The Way of a Pilgrim is the English title of a 19th-century Russian work, recounting an anonymous narrator’s journey through what is now Ukraine, Russia and Siberia, during which he relies solely on the hospitality of others. It’s not clear whether the book is fictional or literal, but the purpose of it seems to be to teach the practice of ceaseless prayer, whatever our journey. The prayer the pilgrim recites during his entire journey is, “Lord Jesus Christ, have mercy on me.” He says it repeatedly, inwardly and outwardly, inhaling “Lord Jesus Christ,” and exhaling, “have mercy on me.” 

The language of lordship is unusual to our ears. It carries with it the implications of class, control and empire. It’s good to question how these have played a role in the history of the church and in systems of power. However, when we say that Jesus is Lord, we are not only challenging systems of power, we are also saying something that is risky, and therefore courageous, to say: that there is much in our lives, if not all of life, that is beyond our control.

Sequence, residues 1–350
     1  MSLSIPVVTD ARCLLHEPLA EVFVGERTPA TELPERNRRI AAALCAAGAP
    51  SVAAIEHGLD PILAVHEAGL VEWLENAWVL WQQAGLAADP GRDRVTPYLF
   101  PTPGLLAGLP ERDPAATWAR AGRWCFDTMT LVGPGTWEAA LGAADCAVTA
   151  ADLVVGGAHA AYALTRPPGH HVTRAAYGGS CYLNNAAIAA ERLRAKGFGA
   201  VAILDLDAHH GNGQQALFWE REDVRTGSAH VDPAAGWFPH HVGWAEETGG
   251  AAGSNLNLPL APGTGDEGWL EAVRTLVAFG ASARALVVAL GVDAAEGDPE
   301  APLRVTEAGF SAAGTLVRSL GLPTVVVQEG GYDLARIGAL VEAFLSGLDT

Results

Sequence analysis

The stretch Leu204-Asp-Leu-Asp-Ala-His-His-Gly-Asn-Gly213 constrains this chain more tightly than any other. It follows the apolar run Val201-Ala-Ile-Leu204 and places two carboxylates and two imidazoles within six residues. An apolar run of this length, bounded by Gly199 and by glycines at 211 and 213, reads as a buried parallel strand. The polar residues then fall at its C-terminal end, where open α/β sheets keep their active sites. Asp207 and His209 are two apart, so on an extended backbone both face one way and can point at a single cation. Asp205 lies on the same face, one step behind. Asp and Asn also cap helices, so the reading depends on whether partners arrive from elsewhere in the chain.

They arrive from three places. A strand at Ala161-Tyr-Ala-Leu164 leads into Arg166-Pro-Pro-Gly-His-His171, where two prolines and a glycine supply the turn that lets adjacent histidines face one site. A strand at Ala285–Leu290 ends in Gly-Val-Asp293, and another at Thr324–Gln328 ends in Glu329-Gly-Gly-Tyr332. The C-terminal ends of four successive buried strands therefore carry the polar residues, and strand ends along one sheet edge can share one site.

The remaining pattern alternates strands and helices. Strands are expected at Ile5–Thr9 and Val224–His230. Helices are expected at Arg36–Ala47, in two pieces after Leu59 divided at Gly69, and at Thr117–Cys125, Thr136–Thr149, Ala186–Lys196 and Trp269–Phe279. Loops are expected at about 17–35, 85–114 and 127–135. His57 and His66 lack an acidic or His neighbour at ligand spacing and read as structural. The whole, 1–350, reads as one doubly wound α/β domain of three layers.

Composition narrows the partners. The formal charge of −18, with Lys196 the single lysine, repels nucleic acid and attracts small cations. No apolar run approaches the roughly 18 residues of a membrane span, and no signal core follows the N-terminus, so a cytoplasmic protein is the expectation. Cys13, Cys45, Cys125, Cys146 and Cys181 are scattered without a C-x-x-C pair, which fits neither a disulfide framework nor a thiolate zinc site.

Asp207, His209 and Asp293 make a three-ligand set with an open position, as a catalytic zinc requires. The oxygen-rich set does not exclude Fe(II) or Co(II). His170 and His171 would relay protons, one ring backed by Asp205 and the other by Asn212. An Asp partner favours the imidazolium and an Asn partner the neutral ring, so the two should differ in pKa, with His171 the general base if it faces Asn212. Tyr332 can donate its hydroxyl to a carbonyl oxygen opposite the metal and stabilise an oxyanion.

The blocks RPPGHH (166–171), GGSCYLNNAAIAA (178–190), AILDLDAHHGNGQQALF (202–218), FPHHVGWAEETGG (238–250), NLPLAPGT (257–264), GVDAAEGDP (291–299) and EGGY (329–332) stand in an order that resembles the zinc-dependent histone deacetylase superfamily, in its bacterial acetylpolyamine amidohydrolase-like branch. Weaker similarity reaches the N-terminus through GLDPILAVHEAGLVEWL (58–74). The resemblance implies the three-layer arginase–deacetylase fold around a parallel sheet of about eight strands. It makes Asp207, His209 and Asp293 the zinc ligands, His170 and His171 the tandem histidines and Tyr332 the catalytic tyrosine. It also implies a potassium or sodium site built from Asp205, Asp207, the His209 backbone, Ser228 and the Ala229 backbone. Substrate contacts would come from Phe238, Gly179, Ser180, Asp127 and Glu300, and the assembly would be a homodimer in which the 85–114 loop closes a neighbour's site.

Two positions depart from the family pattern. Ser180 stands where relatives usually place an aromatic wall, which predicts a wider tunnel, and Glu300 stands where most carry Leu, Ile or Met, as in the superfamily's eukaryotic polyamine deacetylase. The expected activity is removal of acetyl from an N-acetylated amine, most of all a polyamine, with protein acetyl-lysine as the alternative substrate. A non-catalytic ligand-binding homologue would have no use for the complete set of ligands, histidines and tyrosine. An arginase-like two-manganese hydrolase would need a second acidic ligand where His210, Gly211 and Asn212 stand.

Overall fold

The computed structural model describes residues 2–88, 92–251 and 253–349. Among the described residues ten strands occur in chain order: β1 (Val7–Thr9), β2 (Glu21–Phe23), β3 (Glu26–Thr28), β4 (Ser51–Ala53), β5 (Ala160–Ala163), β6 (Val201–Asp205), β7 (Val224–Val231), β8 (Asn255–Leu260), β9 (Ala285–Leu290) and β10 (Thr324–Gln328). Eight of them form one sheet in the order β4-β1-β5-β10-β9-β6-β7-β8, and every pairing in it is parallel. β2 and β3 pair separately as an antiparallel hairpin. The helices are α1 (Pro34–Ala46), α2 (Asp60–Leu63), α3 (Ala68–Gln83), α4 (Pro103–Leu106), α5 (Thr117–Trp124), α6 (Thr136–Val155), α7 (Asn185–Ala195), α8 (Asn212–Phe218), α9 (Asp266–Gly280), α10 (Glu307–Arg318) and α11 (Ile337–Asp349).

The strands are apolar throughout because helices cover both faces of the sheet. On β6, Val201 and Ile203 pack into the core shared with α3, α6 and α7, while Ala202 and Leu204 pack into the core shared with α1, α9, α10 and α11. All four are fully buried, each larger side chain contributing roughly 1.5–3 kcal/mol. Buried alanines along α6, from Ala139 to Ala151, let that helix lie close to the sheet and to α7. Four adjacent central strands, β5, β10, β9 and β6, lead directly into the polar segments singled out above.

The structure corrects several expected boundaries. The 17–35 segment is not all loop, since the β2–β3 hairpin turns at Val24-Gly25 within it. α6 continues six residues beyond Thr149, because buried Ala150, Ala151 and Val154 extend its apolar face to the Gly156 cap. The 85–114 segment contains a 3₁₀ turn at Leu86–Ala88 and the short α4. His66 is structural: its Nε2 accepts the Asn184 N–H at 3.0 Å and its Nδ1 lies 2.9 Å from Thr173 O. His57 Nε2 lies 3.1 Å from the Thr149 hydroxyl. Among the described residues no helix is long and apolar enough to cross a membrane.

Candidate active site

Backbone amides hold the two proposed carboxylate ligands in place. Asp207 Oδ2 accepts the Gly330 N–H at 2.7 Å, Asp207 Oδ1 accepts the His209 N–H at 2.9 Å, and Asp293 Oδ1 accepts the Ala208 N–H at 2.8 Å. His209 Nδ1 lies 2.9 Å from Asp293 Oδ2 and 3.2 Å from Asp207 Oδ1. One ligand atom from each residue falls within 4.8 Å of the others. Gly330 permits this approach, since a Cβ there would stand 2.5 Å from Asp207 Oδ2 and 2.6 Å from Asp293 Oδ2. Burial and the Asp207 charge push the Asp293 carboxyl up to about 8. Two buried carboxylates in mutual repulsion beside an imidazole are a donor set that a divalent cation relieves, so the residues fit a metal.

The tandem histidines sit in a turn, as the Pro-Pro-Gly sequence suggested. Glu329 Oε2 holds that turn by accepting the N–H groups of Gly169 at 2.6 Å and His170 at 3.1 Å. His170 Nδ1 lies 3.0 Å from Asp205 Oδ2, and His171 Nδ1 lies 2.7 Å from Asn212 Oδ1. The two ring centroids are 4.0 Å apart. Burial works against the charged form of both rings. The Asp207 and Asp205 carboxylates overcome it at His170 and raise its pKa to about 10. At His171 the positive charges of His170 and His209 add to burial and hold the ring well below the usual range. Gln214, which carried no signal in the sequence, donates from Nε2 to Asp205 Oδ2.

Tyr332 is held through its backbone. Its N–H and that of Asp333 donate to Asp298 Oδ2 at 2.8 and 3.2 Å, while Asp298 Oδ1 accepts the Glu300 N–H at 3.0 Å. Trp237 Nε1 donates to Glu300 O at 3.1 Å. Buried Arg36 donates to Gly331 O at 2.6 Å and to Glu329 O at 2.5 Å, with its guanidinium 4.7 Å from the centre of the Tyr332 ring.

This is what we are discovering in a dramatic way during this pandemic, but this is not something new to us. We have always known, even when it’s been hard or scary to admit, that we can’t control our lives or those of others. 

Yet, our courage to confess this is an act of trust in the Unconditional Love that Jesus professed and demonstrated which is beyond our control, but is also, thankfully, beyond our imagining. It has no beginning or end; it is ceaseless; and it has the power to shape and transform everything, making it more powerful than our uncertainty, our fear, and our grief. Prayer invites this unhindered love – what we call the love of God – into the shadows, into the valleys, into our lives. 

As we make our pilgrimage through this strange land, we can’t have a certain knowledge about the future. We never can. What we can have is trust in the love that has seen us through and brought us safe thus far. My prayer is that you feel love surrounding you even as we are apart from friends and family. May we breathe in love and breathe out mercy. May we remember all our blessings and turn our minds to doing what we can to help those in need. Amen.

Pastoral Prayers